Zenovia Toloudi's "Silo(e)scapes" is art and architecture
At Diplareios School in Athens, Greece is studio art professor Zenovia Toloudi’s project “Silo(e)scapes,” which is part of the exhibition “Tomorrows: Urban Fictions for Possible Futures,” and is meant to serve as both an art installation and an architectural model. The piece is a model of a small community of people who preserve and tend to their native seeds in a communal space designed for the preservation of native plant species.
The viewer enters the piece from the bottom of the exhibition through a small hole, where they are surrounded by clear columns filled with actual seeds, which are surrounded themselves by small plastic people. The entire project is bordered by mirrors, positioned to make the space appear infinite.
The seeds are ball-like to reference a “near-future,” following the theme of the larger exhibition, which pushes its participants to envision a version of a city in the future, in either a dystopian or utopian fashion. Toloudi said she chose a more utopian future to inspire her viewers.
“Often, when we hear about the big problems of humanity, we feel, as individuals, we don’t have the capacity to change,” she said.
Using a smaller scale, she said she hopes that such solutions will appear more feasible to her viewers, encouraging them to act as individuals.
The close interaction between the viewer and the piece, as well as the figures with the architecture, emphasize much of Toloudi’s work, noted architect Evangelos Kotsioris, who studied with her at the Harvard School of Design.
“She has always been attached to the idea of human engagement in architecture, to things that are usually overlooked in architectural discourse today in favor of larger gestures,” Kotsioris said.
“Tomorrows” itself also departs from certain architectural trends, focusing more on urban and civic planning roles, he said.
“Thinking about the city was very much something that happened in the 1960s and 70s, and there were very many young architects [who] were not interested in buildings but ... in visions and ideas and the larger questions,” Kotsioris said.
Toloudi said her work takes on many of these abstract challenges, not only bringing a solution to an environmental problem, but also touching on cultural connections with food and the importance of community and public spaces. In her native country Greece, like in many parts of the world, the diversity of accessible native fruits and vegetables is dwindling. The exhibition is meant to bring light to this issue, while also presenting the one possible solution of bringing the seed banks, often owned by well-off individuals and major corporations, to the native people of the country.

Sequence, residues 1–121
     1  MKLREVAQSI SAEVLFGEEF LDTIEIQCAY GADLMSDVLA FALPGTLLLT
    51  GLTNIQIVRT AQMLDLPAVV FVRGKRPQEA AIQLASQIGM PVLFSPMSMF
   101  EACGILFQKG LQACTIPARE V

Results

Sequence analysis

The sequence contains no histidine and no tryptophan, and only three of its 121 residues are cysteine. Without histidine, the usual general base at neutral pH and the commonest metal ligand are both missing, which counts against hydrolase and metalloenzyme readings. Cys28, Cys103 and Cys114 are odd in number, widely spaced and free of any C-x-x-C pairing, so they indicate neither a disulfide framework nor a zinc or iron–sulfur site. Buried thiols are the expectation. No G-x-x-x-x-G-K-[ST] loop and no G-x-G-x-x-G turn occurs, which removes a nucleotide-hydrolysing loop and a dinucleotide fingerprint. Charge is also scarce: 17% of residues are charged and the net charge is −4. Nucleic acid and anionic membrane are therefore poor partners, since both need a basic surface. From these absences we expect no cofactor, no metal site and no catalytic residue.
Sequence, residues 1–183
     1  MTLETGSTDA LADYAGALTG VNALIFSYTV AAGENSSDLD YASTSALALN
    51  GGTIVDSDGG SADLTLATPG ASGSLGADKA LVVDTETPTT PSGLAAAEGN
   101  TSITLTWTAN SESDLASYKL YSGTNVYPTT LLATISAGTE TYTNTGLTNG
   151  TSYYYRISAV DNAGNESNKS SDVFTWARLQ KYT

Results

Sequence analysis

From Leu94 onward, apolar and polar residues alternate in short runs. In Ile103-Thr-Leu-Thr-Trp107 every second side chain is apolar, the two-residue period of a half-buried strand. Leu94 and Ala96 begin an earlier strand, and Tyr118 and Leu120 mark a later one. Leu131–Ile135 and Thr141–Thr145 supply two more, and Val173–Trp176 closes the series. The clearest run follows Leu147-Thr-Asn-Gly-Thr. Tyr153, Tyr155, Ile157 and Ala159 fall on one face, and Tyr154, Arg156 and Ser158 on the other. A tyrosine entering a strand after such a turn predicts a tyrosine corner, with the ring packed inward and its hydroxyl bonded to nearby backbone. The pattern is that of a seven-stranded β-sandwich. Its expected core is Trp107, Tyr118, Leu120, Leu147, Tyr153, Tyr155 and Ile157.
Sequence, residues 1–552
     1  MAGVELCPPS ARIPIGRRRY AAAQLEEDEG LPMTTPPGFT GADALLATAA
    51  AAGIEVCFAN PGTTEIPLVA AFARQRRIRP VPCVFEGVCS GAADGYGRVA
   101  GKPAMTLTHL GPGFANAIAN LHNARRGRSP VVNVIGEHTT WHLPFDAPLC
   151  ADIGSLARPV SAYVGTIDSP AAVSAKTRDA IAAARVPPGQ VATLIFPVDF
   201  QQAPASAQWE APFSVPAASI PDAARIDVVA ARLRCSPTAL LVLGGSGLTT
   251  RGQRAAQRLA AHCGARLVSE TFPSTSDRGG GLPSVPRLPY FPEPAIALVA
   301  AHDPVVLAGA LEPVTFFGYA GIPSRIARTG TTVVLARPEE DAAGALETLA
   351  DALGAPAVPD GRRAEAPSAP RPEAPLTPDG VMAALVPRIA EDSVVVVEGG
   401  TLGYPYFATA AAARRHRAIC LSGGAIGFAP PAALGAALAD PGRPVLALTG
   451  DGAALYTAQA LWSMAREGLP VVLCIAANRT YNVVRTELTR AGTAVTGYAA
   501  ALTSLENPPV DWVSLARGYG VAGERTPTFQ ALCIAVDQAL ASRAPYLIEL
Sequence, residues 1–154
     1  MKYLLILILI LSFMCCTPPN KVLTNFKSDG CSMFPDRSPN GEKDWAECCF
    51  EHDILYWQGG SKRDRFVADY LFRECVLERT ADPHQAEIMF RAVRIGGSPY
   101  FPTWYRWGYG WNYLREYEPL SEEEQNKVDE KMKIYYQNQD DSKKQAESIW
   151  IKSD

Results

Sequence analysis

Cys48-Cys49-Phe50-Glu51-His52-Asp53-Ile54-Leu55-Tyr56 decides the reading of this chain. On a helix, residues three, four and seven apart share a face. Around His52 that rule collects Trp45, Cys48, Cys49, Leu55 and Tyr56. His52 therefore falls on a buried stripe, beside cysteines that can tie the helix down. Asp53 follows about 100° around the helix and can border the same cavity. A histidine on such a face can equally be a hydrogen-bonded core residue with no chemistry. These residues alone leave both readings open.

As a scholar, Toloudi said she is interested in the relationship between architecture and food, having taught several classes on the subject herself. Kotsioris, who was also a guest critic in many of her “Food and Architecture” courses, said that one of the markers of Toloudi’s work is her ability to create “new civic rituals,” such as a seed bank or market, creating a “new exchange of food and knowledge.”
Although food itself is still a large part of Mediterranean culture, the involvement of individuals in the production of food is decreasing, Toloudi said. She also uses her piece to reference the rich culture which came from agriculture, particularly in the sound played in the background of her installation, she said.Music professor Ted Levin, who specializes in ethnomusicology, helped Toloudi select her pieces for the exhibition. As an ethnomusicologist, Levin studies “soundscapes,” or the sound profile of a specific locality. Toloudi herself, Levin said, comes from an area near the city of Thessaloniki, Greece, which is primarily agricultural. Accordingly, she chose sounds from an area north of the region to supplement her piece.
“Music, traditionally, has a very strong relationship with agricultural cycles,” Levin said. “There are calendar songs — songs related to harvests.”
The piece itself also tries to bring architecture back to the creation of something that is connected with the natural world, rather than something which creates great barriers from it, Toloudi said.
“I’m trying to work that relationship so it’s not so exotic and not so unnatural in that way,” she said.
The Lego-like figurines which inhabit the space were also specially selected by Toloudi, who aimed to portray “community workers,” such as nurses, police officers and firefighters. These individuals also reflect a communal focus Toloudi said she intends to bring to the piece.
“This whole focus on the individual, I believe, can be very harmful,” she said.
As an artist, Toloudi said she works to address the issue of social inequality, which she considers to be the largest problems society faces today. One of the solutions to this problem is an increased focus on public spaces, she said.
To create such spaces, Toloudi said she looks back to eras of democracy, noting the design of spaces that have a clear purpose for the public. One of the elements that she uses in these spaces is the column, one of the simplest elements of architecture, whose replication and subsequent elevation to a higher purpose as part of a larger structure is meant to remind the viewer of the role of the individual in a public space.
Looking to environmental issues as well as those of social inequality, Toloudi said she addresses her subject from an intersectional perspective, following in the old tradition of expressing big ideas through architecture.
“As a creator, I have the responsibility to make a response to the problems of my time,” Toloudi said.
Correction Appended (June 24, 2017): A previous version of the June 23 article "Zenovia Toloudi's "Silo(e)scapes" is art and architecture" was updated to state that the exhibition contains real seeds, not plastic balls representing seeds.